Representative Publications

Bonacci W, Teng PK, Afonso B, Niederholtmeyer H, Grob P, Silver PA, Savage DF. 2012. Modularity of a carbon-fixing protein organelle. Proc Natl Acad Sci USA 109: 478–483.

Chaijarasphong T, Nichols RJ, Kortright KE, Nixon CF, Teng PK, Oltrogge LM, Savage DF. 2016. Programmed Ribosomal Frameshifting Mediates Expression of the α-Carboxysome. J Mol Biol 428: 153–164.

Higgins SA, Ouonkap SVY, Savage DF. 2017. Rapid and Programmable Protein Mutagenesis Using Plasmid Recombineering. ACS Synth Biol 6: 1825–1833.

Higgins SA, Savage DF. 2017. Protein Science by DNA Sequencing: How Advances in Molecular Biology Are Accelerating Biochemistry. Biochemistry.

Hood RD, Higgins SA, Flamholz A, Nichols RJ, Savage DF. 2016. The stringent response regulates adaptation to darkness in the cyanobacterium Synechococcus elongatus. Proc Natl Acad Sci USA 113: E4867–76.

Mangan NM, Flamholz A, Hood RD, Milo R, Savage DF. 2016. pH determines the energetic efficiency of the cyanobacterial CO2 concentrating mechanism. Proc Natl Acad Sci USA 113: E5354–62.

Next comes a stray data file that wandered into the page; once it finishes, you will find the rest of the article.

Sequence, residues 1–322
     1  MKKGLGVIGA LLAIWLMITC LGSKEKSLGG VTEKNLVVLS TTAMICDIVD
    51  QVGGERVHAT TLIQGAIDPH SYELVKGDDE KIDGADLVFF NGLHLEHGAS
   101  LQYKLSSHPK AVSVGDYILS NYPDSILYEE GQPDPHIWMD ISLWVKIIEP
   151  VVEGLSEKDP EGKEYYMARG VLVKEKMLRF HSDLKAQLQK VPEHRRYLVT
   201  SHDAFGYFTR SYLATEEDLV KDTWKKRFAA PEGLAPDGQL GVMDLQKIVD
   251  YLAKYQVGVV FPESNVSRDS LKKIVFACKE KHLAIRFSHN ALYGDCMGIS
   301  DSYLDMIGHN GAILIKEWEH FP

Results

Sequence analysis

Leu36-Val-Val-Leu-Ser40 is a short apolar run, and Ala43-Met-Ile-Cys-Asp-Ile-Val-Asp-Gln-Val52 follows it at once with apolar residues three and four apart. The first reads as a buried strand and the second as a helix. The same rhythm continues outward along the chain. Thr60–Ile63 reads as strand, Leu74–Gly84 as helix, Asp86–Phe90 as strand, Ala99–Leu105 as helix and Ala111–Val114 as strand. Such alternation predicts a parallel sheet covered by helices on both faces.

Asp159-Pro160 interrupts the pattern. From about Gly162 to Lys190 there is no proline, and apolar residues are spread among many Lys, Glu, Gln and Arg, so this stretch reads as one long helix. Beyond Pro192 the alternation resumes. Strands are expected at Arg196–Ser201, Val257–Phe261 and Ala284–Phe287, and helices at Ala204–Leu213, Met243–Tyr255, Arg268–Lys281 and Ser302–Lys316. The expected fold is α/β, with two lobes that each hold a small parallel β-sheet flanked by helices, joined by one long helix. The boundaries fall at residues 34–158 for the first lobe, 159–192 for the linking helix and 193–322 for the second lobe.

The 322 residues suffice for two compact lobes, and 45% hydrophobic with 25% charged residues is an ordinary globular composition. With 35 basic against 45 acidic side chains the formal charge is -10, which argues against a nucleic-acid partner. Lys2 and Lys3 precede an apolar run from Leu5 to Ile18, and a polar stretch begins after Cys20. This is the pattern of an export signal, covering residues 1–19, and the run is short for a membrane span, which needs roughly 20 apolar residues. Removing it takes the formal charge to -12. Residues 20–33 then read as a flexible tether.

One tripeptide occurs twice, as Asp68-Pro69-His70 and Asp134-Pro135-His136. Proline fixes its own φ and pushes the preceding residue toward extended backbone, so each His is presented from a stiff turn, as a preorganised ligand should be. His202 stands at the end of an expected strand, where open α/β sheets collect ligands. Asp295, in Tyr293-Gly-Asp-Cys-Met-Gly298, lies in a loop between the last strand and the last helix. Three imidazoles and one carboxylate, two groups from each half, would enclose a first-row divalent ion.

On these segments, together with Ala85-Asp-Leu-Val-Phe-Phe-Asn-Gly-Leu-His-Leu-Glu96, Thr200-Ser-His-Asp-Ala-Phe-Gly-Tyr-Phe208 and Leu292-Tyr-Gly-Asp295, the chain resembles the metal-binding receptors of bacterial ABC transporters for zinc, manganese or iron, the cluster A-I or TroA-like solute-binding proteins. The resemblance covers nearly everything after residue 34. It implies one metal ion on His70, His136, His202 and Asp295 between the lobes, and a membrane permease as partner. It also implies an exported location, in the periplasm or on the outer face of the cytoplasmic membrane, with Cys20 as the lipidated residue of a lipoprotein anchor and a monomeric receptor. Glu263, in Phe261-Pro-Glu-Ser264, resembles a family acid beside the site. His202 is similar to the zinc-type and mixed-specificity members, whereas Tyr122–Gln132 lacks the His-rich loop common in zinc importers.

Nadler DC, Morgan S-A, Flamholz A, Kortright KE, Savage DF. 2016. Rapid construction of metabolite biosensors using domain-insertion profiling. Nature Communications 7: 12266.

Nichols RJ, Cassidy-Amstutz C, Chaijarasphong T, Savage DF. 2017. Encapsulins: molecular biology of the shell. Crit Rev Biochem Mol Biol 52: 583–594.

Oakes BL, Nadler DC, Flamholz A, Fellmann C, Staahl BT, Doudna JA, Savage DF. 2016. Profiling of engineering hotspots identifies an allosteric CRISPR-Cas9 switch. Nat Biotechnol 34: 646–651.

Savage DF, Afonso B, Chen AH, Silver PA. 2010. Spatially ordered dynamics of the bacterial carbon fixation machinery. Science 327: 1258–1261.

Yokoo R, Hood RD, Savage DF. 2015. Live-cell imaging of cyanobacteria. Photosynthesis Research 126: 33–46.